Daily Show Jeffrey Smith smackdown: “I purposefully play dumb” on GMOs

| | April 24, 2015

Holy Monsanto!

Where do the liberal “chattering classes” stand on the issue of genetically modified foods?

Two years ago, even last year, it was decidedly negative. But the tide has gone out on the anti-GMO movement, as the scientific evidence in support of the safety and sustainability of GM crops has grown. The dramatic shift was never more evident this week as news satirist Jon Stewart’s Daily Show took a very funny look at the latest GMO scare controversy, the approval of a genetically engineered potato made by the Simplot company that doesn’t brown when cut and doesn’t make acrylamide, a carcinogen found in non GE potatoes–including organic ones.

Related article:  Survey showing health benefits from non-GMO diet? 'The misinformation is staggering'

Watch as “reporter” Aasif Mandvi explores the bizarro world of one of the most strident anti-GMO leaders, Jeffrey Smith, a former flying yogic instructor [Note: Read GLP profile of Jeffrey Smith], who tried to make the case why this remarkable innovation is a New Age killer.

“The Return of a Simplot Conspiracy”

The GLP aggregated and excerpted this article to reflect the diversity of news, opinion, and analysis. Click the link above to read the full, original article.

24 thoughts on “Daily Show Jeffrey Smith smackdown: “I purposefully play dumb” on GMOs”

  1. Having the Daily Show support the ideology of GLP is a big score. Congratulations. It is unfortunate that the producers of that show missed certain facts, though. True, eating GMOs has virtually no effect on human DNA, but that is not the case for the flora in the human gut. It has been shown that horizontal transfer of microbial transgenes present in genetically modified crops occurs. That affects humans.

          • You’ve got to the be joking right ? did you read this paper ?
            quote from such study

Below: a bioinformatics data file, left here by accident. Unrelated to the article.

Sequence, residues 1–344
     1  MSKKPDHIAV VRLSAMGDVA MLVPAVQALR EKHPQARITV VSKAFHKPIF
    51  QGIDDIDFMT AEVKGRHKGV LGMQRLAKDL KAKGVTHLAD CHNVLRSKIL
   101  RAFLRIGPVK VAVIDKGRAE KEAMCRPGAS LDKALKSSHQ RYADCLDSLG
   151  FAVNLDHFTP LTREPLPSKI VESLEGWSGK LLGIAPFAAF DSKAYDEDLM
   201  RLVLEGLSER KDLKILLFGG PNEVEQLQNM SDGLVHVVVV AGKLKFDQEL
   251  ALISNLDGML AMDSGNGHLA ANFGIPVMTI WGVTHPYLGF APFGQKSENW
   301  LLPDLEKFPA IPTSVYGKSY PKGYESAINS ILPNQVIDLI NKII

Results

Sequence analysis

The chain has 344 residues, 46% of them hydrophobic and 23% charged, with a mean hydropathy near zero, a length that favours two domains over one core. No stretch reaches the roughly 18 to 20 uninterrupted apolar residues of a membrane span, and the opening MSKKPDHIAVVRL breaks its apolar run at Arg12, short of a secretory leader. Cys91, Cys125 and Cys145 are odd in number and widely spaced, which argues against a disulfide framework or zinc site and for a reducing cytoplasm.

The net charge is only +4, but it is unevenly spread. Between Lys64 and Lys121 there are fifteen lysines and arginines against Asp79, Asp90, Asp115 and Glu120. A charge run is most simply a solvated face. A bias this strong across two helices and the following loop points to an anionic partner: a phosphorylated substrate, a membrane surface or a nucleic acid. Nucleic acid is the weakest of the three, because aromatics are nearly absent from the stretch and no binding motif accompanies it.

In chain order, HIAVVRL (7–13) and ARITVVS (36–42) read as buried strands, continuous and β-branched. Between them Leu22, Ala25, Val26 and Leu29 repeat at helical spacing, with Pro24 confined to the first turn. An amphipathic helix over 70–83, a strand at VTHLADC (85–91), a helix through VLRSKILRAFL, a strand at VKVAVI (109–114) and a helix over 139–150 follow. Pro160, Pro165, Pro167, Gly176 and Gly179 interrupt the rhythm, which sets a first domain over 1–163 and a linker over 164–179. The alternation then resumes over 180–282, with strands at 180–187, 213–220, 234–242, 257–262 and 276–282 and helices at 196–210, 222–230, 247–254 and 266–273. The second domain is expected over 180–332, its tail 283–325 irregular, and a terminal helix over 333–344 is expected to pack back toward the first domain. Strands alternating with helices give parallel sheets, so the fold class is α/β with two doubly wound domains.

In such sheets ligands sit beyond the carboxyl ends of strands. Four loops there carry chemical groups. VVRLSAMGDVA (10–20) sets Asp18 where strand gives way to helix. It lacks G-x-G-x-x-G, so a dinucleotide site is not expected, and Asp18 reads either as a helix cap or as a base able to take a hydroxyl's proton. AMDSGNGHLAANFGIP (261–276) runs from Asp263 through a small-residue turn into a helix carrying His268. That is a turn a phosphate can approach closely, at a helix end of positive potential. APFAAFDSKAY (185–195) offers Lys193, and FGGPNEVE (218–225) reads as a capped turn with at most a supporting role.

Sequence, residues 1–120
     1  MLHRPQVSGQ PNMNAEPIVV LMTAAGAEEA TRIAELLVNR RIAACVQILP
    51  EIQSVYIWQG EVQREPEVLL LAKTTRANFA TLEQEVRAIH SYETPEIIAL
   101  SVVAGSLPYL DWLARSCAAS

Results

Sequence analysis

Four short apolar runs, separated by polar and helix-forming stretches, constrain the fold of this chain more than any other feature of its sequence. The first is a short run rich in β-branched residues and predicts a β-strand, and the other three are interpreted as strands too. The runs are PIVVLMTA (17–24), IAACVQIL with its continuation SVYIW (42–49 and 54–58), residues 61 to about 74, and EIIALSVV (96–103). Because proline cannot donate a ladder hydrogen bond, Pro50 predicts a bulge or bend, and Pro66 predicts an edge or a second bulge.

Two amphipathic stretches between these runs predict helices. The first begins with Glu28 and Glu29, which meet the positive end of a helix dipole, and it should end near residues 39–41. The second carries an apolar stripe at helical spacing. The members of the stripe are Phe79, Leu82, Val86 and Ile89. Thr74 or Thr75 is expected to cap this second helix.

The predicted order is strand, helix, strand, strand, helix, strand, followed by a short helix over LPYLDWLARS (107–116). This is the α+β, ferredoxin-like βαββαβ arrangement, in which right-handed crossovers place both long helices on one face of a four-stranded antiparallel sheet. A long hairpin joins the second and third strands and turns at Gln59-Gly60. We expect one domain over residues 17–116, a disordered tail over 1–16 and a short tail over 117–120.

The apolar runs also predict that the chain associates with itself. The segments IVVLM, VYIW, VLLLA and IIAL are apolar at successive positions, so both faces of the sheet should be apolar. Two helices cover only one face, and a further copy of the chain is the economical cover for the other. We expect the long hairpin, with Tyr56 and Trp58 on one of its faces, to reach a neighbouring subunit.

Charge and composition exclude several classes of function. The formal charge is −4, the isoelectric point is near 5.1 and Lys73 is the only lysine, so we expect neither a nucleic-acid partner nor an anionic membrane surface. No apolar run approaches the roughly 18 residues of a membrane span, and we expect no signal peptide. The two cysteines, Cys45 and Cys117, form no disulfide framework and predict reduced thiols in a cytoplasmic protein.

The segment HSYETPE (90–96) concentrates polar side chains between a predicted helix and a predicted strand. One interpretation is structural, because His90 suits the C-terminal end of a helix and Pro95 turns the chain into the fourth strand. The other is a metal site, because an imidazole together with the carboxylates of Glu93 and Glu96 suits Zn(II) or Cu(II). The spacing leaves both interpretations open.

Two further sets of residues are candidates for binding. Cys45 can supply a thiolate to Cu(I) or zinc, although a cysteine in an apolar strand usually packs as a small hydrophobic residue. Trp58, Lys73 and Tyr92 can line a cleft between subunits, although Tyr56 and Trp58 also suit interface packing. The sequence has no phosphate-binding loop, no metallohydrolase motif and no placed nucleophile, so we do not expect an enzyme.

conclusion “As described above, native cry genes display ubiquitous presence and have also been detected in foods. Overall reviews of safety data indicate that there is no toxicity of Cry proteins to humans [157,174, 192]. We therefore conclude that the horizontal gene transfer of cry genes from plants to microorganisms, if it would occur, is unlikely to contribute to pathogenicity of recipient microorganisms in humans and domestic animals”

          • Yes, I did read it, I wanted to know if Peter Kleiss did. If anything it should have dispelled concerns about any harmful horizontal gene transfer involving transgenic events.

        • You’ve got to the be joking right ? did you read the study ?

          quote from the study

          conclusion “As described above, native cry genes display ubiquitous presence and have also been detected in foods. Overall reviews of safety data indicate that there is no toxicity of Cry proteins to humans [157,174, 192]. We therefore conclude that the horizontal gene transfer of cry genes from plants to microorganisms, if it would occur, is unlikely to contribute to pathogenicity of recipient microorganisms in humans and domestic animals”

          • What is your definition of impossible? According to quantum physics, it is unlikely but not impossible that you can walk through a concrete wall.

          • That seems to be a troll like answer? How about the consumer doesn’t want GMO’s? What do you gain from fighting for GMO’s? I don’t want them.